Student Research Awards Meet Their Mark
A Student Research Training Award (SRTA) funded in 2013 allowed five dental students at UCLA to experience dental research firsthand.
“The program is intended to engage students in projects and show them the value of research in creating new knowledge and dissipating it to the practicing community within our specialty,” said Tara Aghaloo, DDS, MD, PhD, Assistant Director for Clinical Research at the UCLA School of Dentistry.
First awarded in 1992, since then the OMSF has awarded 47 SRTAs. The award provides funding to institutions, whose program directors use funding for research projects for dental students. The focus of the SRTA is to attract interested and highly qualified students to dental research and oral and maxillofacial surgery.
At UCLA, a variety of topics, including therapy for implant osseintegration, biomimetic scaffolds for bone regeneration, risk predictors for post-operative rhinosinusitis after sinus augmentation, the role of platelet derived growth factor combined with osteoconductive grafting materials, and barriers to care among Mexican children with congenital craniofacial defects were explored.
“Most significant has been the enthusiasm and fervor of these students in working toward completion of the projects and publication or presentation at meetings,” said Dr. Aghaloo.
The results of the program have been compelling. Students made presentations at three national meetings. One project also resulted in one publication in press and two funded grant proposals.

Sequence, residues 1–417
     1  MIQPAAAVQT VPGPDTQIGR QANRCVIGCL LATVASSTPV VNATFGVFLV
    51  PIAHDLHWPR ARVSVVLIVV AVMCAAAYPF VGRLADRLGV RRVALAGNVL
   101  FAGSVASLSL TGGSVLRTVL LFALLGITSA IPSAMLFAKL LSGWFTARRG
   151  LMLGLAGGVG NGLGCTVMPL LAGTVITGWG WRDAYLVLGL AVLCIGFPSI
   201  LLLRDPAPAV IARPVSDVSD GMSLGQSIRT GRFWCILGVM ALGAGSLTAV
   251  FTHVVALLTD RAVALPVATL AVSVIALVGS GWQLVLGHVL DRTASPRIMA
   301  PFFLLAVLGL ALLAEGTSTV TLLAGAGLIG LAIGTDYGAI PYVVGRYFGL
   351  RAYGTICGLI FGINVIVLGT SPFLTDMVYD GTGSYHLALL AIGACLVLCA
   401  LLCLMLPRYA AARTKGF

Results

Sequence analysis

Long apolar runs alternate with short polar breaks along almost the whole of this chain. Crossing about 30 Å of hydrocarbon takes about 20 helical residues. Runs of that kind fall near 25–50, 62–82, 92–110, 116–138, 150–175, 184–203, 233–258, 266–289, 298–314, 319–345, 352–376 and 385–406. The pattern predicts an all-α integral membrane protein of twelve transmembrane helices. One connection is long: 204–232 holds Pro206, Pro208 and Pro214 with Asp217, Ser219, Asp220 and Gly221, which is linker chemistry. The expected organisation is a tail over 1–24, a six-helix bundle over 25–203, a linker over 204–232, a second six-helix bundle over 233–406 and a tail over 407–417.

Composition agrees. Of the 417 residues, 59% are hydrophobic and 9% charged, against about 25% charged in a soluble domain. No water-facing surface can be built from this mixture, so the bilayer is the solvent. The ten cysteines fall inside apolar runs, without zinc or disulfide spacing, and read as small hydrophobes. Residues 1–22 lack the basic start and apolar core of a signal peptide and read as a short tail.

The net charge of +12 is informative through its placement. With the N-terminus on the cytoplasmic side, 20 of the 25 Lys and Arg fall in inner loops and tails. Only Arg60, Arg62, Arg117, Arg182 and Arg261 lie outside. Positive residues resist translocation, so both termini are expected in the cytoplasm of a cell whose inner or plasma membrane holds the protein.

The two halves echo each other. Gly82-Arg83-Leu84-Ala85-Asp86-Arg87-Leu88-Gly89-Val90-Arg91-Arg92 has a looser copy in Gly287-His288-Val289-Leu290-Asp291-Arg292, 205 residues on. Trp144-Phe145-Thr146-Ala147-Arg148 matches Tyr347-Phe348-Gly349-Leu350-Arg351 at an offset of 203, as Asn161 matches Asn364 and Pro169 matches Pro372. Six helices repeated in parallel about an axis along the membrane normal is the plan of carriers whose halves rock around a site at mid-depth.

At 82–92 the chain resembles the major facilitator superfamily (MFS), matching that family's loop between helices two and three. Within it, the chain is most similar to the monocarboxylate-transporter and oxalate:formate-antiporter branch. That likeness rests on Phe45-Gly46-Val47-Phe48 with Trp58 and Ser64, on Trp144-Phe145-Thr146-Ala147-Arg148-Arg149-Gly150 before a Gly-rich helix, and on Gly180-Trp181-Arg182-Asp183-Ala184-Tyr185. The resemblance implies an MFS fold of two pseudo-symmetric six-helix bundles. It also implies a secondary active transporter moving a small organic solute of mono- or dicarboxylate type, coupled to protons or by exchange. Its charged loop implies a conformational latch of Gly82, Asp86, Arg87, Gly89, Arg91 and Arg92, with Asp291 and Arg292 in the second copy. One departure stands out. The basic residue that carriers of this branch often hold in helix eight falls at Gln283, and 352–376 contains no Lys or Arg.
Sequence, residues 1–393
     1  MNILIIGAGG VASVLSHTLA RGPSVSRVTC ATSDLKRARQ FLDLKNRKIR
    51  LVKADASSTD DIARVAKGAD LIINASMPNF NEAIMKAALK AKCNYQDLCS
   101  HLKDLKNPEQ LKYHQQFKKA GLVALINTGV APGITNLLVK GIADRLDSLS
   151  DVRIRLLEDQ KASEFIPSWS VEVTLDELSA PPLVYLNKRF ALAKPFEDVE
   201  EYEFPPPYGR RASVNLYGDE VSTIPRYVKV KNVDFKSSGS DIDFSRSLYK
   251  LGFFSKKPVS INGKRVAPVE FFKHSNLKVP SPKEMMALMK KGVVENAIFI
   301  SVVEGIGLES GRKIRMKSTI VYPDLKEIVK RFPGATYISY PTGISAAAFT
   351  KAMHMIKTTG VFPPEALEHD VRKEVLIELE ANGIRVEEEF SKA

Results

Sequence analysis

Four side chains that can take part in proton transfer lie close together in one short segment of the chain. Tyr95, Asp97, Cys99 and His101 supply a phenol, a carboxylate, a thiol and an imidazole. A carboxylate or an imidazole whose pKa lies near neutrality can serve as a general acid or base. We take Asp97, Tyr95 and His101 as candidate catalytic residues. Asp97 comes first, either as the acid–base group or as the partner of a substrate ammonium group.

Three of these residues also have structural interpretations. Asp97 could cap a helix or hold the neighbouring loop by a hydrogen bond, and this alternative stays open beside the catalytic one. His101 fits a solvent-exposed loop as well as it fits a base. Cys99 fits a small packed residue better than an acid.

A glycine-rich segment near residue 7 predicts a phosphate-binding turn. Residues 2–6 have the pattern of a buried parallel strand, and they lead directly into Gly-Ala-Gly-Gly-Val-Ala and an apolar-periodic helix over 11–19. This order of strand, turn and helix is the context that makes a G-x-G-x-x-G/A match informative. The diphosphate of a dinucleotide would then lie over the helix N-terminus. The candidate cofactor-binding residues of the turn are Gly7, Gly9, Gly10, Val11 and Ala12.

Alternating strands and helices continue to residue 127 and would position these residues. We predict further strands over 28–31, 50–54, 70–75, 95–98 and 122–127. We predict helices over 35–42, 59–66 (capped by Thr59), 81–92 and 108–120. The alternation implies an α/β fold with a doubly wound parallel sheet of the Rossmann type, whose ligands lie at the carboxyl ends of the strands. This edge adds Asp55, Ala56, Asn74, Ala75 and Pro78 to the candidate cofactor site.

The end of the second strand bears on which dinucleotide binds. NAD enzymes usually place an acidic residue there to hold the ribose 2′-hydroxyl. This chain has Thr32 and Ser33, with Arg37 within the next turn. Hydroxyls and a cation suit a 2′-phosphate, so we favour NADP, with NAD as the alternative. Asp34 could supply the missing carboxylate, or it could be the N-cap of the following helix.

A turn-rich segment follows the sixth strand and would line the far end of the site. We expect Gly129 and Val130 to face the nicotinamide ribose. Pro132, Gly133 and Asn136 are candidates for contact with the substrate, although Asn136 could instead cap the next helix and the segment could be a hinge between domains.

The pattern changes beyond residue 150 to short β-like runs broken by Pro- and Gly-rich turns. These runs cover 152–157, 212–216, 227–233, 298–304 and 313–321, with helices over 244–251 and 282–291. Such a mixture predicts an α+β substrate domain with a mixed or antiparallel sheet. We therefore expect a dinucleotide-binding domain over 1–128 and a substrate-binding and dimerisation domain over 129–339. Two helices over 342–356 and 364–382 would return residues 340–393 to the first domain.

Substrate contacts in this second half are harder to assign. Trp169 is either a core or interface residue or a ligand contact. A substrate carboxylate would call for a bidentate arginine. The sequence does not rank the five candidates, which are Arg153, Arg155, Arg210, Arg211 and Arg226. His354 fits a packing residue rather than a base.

In addition, two individuals involved in the project are now residents in oral and maxillofacial surgery at UCLA School of Dentistry, and both have defended their master’s theses. All others are participants in our surgical track program, with the most senior students applying for residencies.
A large part of the program’s success at UCLA is due to the involvement of experienced research mentors, who work with students on each of the projects. Mentors promote positive research experiences and encourage dental students to pursue research in residencies, as well as interest them in academic careers.
The SRTA awarded in 2013 was so successful that Dr. Aghaloo applied for, and received, 2015 SRTA funding. “The value of these grants at our institution has been extremely worthwhile,” said Dr. Aghaloo. “Early research experiences are paramount in harnessing interests and encouraging students down the important path of replenishing the paucity of clinician scientist educators in oral and maxillofacial surgery.”